A Mallard at a dog bowl (Photos by Don Reimer)
A Mallard at a dog bowl (Photos by Don Reimer)
We just returned from a late September spree of hiking and birding on Monhegan Island. While there were no major waves of migrants, with some effort, we encountered a nice mix of wandering fall birds such as Red-Headed Woodpecker, Clay-Colored Sparrow, Dickcissel, Lark Sparrow and Yellow-Breasted Chat, to name a few.

Affecting the birds and people alike, drought conditions on the island were a matter of compelling interest this time around. The dried-up surface of the Meadow area that supplies the village with water was empty and cracked. Its serpentine system of pipes and hoses extending from the central bowl of the marsh pumps water to two large holding towers atop Lighthouse Hill. Most islanders rely on their own dug or artesian wells once the town water is turned off in November.

We discovered a similar situation at the Ice Pond, typically a magnet site for both land and water birds. Currently dubbed the “Ice Puddle,” the pond was at the lowest level we’ve seen. A horseshoe-shaped apron of black mud encircled the diminished pool of shallow water. Stories had circulated about an unfortunate lady whose dog bounded into the mucky mud and then got stuck. In turn, when the lady waded out to rescue her stranded pet she became temporarily stuck. After freeing herself and the dog, her boots were reportedly left behind in the mud. The pair of mired boots was subsequently retrieved by her husband.



Given the general lack of water in other parts of the island, the remaining water in the Ice Pond assumed a degree of higher significance. A young Sora that might otherwise inhabit the marshy fringes of the Meadow foraged openly along the pond’s shoreline. Sometimes called a marsh chicken, the nervous little Sora was a crowd pleaser. At one point, the bird scampered for cover when a nearby Mallard Duck quacked loudly. Even the Mallards were not immune from the water shortage. Further down village, I witnessed several ducks drinking fresh water from a dog’s water dish.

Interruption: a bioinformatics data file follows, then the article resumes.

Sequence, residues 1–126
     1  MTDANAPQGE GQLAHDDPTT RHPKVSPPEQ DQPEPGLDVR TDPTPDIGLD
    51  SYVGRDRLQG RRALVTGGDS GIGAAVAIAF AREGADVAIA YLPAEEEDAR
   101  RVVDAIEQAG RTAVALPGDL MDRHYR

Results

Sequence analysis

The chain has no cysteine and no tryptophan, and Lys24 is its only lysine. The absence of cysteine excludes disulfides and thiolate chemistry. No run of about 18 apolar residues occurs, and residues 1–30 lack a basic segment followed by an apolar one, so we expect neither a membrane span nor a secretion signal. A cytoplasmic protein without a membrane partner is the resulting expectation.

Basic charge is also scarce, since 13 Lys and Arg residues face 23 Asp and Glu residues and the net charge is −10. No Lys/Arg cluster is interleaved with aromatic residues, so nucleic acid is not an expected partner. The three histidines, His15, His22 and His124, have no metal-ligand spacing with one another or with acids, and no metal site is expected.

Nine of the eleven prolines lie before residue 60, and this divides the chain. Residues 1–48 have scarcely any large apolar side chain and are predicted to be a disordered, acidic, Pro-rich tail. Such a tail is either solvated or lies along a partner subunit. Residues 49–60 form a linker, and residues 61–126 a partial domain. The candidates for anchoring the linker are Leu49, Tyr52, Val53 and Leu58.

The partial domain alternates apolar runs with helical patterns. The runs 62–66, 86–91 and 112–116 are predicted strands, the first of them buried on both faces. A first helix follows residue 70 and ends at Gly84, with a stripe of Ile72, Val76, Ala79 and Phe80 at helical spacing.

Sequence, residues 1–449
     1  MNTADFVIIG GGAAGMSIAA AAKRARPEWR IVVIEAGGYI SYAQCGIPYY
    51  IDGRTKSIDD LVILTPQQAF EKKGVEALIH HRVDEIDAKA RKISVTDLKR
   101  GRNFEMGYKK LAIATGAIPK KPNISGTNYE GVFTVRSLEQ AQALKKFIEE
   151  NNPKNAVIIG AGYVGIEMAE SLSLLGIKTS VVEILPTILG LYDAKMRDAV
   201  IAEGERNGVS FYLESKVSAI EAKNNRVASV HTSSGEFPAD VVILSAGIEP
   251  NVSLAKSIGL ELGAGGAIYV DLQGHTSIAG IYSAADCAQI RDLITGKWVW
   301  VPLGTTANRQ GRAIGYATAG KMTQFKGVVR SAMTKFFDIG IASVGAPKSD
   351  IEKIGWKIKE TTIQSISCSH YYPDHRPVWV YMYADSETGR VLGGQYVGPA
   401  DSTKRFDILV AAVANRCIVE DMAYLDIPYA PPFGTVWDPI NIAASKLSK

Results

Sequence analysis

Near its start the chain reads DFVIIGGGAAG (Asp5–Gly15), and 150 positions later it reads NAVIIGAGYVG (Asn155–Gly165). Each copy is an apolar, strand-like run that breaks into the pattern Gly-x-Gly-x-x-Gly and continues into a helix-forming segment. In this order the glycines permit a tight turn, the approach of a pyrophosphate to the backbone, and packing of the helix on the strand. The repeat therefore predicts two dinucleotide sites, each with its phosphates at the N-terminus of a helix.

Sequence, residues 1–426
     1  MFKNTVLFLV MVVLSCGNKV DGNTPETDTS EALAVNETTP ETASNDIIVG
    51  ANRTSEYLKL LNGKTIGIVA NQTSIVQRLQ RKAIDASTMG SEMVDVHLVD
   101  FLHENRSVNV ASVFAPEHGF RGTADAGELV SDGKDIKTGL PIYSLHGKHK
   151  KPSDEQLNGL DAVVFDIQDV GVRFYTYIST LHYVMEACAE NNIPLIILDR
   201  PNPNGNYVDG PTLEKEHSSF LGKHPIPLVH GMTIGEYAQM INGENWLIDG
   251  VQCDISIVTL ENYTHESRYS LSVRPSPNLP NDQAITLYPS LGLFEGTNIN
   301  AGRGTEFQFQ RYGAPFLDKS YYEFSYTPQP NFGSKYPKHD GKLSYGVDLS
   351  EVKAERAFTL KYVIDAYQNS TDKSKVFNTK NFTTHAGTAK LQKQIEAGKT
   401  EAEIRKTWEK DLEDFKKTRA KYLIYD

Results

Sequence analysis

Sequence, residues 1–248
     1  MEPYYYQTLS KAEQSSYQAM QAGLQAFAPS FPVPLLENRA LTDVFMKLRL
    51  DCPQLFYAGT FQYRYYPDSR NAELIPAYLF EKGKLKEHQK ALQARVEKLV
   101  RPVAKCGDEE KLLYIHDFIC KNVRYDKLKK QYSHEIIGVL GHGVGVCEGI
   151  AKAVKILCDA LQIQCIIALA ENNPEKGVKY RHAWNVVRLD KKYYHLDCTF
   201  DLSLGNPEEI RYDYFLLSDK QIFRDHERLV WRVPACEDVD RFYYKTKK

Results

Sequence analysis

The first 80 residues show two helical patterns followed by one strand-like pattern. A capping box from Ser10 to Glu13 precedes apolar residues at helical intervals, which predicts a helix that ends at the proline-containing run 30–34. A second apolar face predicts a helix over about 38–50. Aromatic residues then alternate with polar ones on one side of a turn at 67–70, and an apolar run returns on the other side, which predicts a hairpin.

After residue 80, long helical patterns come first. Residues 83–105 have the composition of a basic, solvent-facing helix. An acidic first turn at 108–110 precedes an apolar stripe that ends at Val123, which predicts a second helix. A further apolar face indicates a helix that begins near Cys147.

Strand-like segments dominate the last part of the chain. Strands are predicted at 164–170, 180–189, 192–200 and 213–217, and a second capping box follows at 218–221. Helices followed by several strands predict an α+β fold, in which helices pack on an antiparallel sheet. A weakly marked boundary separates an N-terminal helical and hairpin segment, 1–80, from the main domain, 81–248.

Several whizzing Merlins passed over the pond daily. These swift medium-sized falcons usually pursue birds and large insects on the wing. One Merlin sat in a spruce for long periods, scanning the skyline while awaiting an opportunity for aerial attack. Surprisingly, the raptor dropped down and landed on a pond-edged rock. No, it was not chasing a bird. Instead the falcon made a short trek into the mud. Why would a sky-bound predator ever choose to walk in mud? Bounding just ahead of the falcon, a motivated frog hopped energetically out of its reach. The falcon proceeded half-heartedly toward the frog, but abandoned the quest once the mud grew ankle-deep. Apparently there are practical limits to what a falcon will endure.

Given Monhegan’s rocky outline, there’s limited habitat to attract shorebirds. Imagine though that you’re a migrant shorebird approaching the island at an altitude of several hundred feet. Below you lies a patch of greenish water and dark mud, a welcoming oasis amid the vast deep ocean environment. Who decided to land? Least and Solitary Sandpipers, Greater Yellowlegs and a much-unexpected Sanderling all made stops there. A large long-winged, long-billed shorebird, a Hudsonian Godwit, passed high overhead on its passage to South America.

Despite the recent drought across sections of Maine, our state is richly blessed with adequate water resources. Peering through the lens of Nature, we can find examples of how animals and people try to adapt to these challenging conditions.